Hong Kong is in 12th place when it comes to being the wealthiest city in the world. It used to be 2nd to Tokyo in Asia but was overtaken by Singapore, Beijing, and other regions.

59. The Hong Kong International Airport is one of the busiest in the world.

The Hong Kong International Airport is the region’s main airport spanning over 3,800 metres or almost 20 football fields. It is the busiest cargo gateway in the world and one of the busiest passenger airports, with over a million passengers coming through each year.

60. Hong Kong is also the home of Cathay Pacific.

Hong Kong is also the home of Cathay Pacific

Cathay Pacific is the flag carrier of Hong Kong and is an award-winning airline known for its technology, safety, and pricing.

61. Hong Kong has the highest average IQ among its population.

According to multiple studies, Hong Kong’s population has an average IQ of 108. This puts the region in a tie with Singapore, with South Korea, Taiwan, and Japan at their tail.

62. Hong Kong is very strict with firearms.

In Hong Kong, citizens can only use firearms if they are members of a hunting or shooting club or join the police force. Even the members of clubs cannot bring their firearms home, as they have to leave their guns in a locked storage room within the club premises.

63. Hong Kong is also strict when it comes to tobacco.

Smoking is banned in most public places in Hong Kong. The government also banned tobacco companies from advertising their products.

Because of such moves, the prevalence of smoking is only 9.5% in Hong Kong compared to around 25% in the mainland.

64. Hong Kong’s education is free.

Hong Kong’s education is free

Education is mandatory for all children between the ages of 6 to 15 in Hong Kong. To encourage the region’s youth to attend school, the government provides 12 years of free primary and secondary education in the public sector.

65. Hong Kong is experiencing a grave shortage, in the literal sense.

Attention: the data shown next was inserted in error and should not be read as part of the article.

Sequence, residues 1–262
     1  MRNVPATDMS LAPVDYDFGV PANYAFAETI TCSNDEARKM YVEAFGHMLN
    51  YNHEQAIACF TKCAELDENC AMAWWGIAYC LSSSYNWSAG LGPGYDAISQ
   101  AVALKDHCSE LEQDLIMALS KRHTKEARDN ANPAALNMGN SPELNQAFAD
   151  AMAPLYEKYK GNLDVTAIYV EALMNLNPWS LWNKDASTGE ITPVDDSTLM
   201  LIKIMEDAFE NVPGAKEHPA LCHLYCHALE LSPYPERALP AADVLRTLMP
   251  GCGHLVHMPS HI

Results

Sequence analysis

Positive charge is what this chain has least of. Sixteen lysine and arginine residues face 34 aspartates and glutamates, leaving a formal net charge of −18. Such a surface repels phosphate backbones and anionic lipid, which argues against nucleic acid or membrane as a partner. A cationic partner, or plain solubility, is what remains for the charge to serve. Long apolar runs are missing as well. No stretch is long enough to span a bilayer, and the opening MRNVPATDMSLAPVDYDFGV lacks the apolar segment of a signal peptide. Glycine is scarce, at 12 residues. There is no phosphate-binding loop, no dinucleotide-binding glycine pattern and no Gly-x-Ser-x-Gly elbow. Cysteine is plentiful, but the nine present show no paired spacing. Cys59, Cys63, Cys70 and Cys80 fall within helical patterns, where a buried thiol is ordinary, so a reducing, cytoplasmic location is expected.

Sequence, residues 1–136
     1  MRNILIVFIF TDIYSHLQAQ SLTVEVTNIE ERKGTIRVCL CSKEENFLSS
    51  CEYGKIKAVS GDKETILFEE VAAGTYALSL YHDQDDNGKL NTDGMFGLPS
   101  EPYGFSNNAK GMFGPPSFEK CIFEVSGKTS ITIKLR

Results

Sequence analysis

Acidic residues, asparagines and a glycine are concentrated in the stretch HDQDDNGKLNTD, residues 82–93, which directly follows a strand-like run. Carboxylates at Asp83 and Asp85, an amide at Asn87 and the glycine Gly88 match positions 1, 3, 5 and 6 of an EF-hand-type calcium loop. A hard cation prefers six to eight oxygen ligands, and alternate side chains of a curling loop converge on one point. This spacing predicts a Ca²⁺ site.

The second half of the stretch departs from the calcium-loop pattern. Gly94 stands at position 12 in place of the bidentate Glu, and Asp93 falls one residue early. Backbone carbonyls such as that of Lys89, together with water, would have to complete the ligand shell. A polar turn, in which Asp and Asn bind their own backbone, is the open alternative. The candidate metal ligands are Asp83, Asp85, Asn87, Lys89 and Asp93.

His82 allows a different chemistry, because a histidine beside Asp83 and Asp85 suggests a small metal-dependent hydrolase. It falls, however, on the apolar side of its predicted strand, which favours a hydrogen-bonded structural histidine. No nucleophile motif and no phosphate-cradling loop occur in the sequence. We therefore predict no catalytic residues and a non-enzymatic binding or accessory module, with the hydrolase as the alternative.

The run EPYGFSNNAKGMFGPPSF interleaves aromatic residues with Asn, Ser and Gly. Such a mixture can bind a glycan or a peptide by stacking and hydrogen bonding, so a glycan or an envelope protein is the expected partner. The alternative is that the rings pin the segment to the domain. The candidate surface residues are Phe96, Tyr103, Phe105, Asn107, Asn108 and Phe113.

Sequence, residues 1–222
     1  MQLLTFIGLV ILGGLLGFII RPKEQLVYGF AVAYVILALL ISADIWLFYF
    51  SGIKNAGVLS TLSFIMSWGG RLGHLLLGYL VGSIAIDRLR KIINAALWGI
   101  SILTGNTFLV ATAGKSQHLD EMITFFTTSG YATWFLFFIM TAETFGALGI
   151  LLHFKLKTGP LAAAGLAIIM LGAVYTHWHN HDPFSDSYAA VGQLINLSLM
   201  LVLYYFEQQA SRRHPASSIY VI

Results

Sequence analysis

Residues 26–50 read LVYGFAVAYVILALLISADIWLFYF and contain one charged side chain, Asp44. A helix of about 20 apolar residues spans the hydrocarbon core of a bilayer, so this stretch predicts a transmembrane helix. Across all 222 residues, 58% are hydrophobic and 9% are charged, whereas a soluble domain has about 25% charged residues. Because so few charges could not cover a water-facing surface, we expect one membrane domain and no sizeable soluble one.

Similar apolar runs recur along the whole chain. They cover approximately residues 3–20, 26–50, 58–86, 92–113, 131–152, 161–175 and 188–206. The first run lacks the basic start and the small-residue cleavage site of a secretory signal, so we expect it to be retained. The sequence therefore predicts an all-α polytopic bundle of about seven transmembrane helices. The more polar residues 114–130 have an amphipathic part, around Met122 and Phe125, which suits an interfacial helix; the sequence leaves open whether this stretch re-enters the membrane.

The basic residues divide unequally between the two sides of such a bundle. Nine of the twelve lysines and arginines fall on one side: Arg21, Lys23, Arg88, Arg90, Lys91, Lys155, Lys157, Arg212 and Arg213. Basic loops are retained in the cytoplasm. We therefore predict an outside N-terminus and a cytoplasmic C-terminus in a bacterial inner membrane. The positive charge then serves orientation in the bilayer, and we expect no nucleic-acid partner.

Due to limited land, Hong Kong’s government banned the construction of new public cemeteries and burial sites. Public cemeteries are also ordered to exhume remains and cremate them to allow newcomers to be buried.

66. There are plaques in Hong Kong that commemorate a Philippine hero.

Jose Rizal, a novelist, doctor, and Philippine hero with Chinese roots has three markers tracing his steps in Hong Kong during his stay in the late 1800s. 

67. Some museums in Hong Kong offer free entrance on Wednesdays.

Museums such as the Hong Kong Museum of Art, the Hong Kong Museum of History, and the Hong Kong Space Museum offer free admission to the public every Wednesday. If you happen to get there on a different day, there are some discounts that you can avail of.

68. Some Hong Kongers have English names.

If you are a foreigner visiting Hong Kong, you might be surprised to know that some locals have adopted English names. This is actually a common occurrence especially when the locals are dealing with foreigners.

These English names may or may not be an actual part of the Hong Konger’s legal name. Feel free to use these instead during conversations.

69. Some teachers in Hong Kong are foreigners.

Hong Kong has a system called the Native-speaking English Teacher scheme where government and government-subsidised schools employ English teachers from abroad to help the region’s children improve their command of the language.

69. Hong Kong has a housing crisis. 

Hong Kong has a housing crisis

Due to soaring land and rent prices worsened by a lack of space, most Hong Kongers live in cramped apartment buildings, rooftop tents, and cage homes. Hong Kongers still experience scarcity despite government subsidies.

70. Hong Kongers work long hours. 

According to multiple studies, Hong Kongers are some of the most overworked labourers in the world. Most workers in Hong Kong put in around 40 to 50 hours a week, depending on the industry.

71. There is a mass exodus happening in Hong Kong.

Since the COVID-19 pandemic began, more and more Hong Kongers are leaving the region because of strict policies. Even though the government has since loosened its policies, many locals that have left are yet to come back.

Related topics